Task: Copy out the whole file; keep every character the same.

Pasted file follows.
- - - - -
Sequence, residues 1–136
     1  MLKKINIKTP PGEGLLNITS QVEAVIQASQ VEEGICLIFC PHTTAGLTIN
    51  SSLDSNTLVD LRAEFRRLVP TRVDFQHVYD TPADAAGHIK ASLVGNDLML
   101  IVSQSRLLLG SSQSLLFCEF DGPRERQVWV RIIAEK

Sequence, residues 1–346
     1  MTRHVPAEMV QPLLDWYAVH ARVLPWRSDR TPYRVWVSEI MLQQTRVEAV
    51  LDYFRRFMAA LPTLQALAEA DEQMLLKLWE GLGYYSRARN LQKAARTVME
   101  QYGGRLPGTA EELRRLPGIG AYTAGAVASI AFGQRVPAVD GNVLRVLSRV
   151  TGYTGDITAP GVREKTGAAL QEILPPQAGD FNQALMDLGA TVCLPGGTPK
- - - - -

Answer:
Sequence, residues 1–136
     1  MLKKINIKTP PGEGLLNITS QVEAVIQASQ VEEGICLIFC PHTTAGLTIN
    51  SSLDSNTLVD LRAEFRRLVP TRVDFQHVYD TPADAAGHIK ASLVGNDLML
   101  IVSQSRLLLG SSQSLLFCEF DGPRERQVWV RIIAEK

Sequence, residues 1–346
     1  MTRHVPAEMV QPLLDWYAVH ARVLPWRSDR TPYRVWVSEI MLQQTRVEAV
    51  LDYFRRFMAA LPTLQALAEA DEQMLLKLWE GLGYYSRARN LQKAARTVME
   101  QYGGRLPGTA EELRRLPGIG AYTAGAVASI AFGQRVPAVD GNVLRVLSRV
   151  TGYTGDITAP GVREKTGAAL QEILPPQAGD FNQALMDLGA TVCLPGGTPK